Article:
Running is free, or costs about as much as a quality pair of runners, which is one of the main reasons I prefer it to other forms of exercise. Why pay for an expensive gym membership – and I live in in New York City, so there is no other kind – when the pavement is just outside my door and costs me nothing to use? I’ll tell you why: winter.
There are some people who will run in any weather, no matter how cold it is. I am not one of those people. When temps drop below freezing and slush impedes my every step, I reluctantly head to the gym. But when the Great Blizzard of 2016 dropped 68 centimetres (26.8 inches) in front of my door in less then a day, I realised I had another option: my Apple TV.
The fourth-generation Apple TV now has more than 3600 tvOS apps, Apple revealed in its first-quarter earnings call last Tuesday. Most of those are games or streaming video apps, and there are tonnes of great options in both categories. When it comes to fitness, which seems to me a natural fit for the TV, the selection is sparse. But still, I was sure at least one Apple TV app would have what I was looking for: a cheap way to stay in shape. But it wasn’t that easy.
The perfect Apple TV fitness app
My criteria for a must-use fitness app: high-quality workout videos of varying lengths and forms of exercise, so I can do a 45-minute Pilates mat class or a 15-minute strength-training session, or both if I want to, at an affordable price. A US$15/month app subscription is higher than I’d like to pay – after all, I spend way less than that on Apple Music and Netflix, and I use those way more than any fitness app – but I realise that a lot of time and effort goes into producing those workout videos. I’m just not going to pay gym membership or yoga studio prices when I’m not getting in-person instruction. A free trial is also important, so I can make sure I like what the app has to offer before committing to a subscription.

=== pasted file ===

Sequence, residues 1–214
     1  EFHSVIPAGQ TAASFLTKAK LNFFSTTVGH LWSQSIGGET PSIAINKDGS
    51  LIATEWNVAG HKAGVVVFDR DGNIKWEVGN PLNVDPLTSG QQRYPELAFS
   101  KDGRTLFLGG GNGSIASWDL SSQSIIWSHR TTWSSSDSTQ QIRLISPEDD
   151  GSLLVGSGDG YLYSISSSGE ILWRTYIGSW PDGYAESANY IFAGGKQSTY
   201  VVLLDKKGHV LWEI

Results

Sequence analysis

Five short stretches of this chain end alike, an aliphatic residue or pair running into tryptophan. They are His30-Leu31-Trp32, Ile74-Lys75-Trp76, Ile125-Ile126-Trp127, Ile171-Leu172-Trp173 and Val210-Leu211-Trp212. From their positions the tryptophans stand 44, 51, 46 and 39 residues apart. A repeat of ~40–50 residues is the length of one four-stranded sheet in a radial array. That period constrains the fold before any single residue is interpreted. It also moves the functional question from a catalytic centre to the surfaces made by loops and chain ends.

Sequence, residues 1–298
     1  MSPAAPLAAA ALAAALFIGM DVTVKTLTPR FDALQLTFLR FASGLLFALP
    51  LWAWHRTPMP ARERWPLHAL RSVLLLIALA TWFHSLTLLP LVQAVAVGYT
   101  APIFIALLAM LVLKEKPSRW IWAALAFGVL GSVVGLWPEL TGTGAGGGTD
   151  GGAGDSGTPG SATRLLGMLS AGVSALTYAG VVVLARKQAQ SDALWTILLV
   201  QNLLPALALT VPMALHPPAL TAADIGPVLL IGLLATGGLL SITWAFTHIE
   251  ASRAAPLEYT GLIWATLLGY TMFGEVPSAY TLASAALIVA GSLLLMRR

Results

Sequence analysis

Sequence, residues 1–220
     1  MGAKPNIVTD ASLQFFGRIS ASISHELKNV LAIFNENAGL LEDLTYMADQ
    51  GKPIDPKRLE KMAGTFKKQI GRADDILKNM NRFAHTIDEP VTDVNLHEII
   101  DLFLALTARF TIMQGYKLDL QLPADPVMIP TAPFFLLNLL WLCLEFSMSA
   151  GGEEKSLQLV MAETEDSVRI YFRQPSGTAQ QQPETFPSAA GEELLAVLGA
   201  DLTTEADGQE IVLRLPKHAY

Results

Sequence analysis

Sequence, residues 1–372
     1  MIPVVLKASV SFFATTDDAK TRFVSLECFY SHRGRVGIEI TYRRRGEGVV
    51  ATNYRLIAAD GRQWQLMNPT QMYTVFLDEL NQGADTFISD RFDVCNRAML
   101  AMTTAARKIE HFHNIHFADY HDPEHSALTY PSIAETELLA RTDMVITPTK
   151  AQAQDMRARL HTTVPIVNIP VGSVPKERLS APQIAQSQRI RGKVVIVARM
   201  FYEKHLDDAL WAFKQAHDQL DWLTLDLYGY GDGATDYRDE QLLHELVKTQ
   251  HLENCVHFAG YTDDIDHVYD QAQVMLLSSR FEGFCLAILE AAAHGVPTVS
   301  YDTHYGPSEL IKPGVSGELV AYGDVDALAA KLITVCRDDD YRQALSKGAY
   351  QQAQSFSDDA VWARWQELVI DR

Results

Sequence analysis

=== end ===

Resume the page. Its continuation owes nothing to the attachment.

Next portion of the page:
A fitness app with an iOS version that sends me push notifications to shame me when I haven’t worked out or remind me to take a rest day gets bonus points. An Apple Watch app that taps into the watch’s sensors to track my heart rate and estimate how many calories I burned would be icing on the cake (which would sure be delicious after an intense workout).
Finding an app that met all those standards seemed impossible, but I gave it a shot.
I chose five apps that met at least some of my criteria, the most important being the variety and quality of workout videos at a decent price point. After spending some time with Zova, Beachbody On Demand, Grokker, DailyBurn and Cody, I realised Apple TV has huge potential for health and fitness apps, though it’s not quite there yet.
Zova has a lot going for it. It was one of the first tvOS fitness apps and came recommended by Apple. Zova also offers tonnes of free video content, and even has Apple Watch integration so you can see your heart rate on your TV screen as you work out. Unlocking the premium workouts costs US$8 a month, which is less than my Apple Music subscription. But many of the videos are short, at 15 minutes or less, and there’s no instruction. You just watch a fitness model demonstrate each move wordlessly. The soundtrack is the same uptempo instrumental no matter which video you watch, so a slow stretch session gets the same musical treatment that a cardio workout does. You can always mute the TV and listen to your own tunes, but it’s not ideal. Zova will do in a pinch, and I expect it to improve, but I haven’t got much out of it.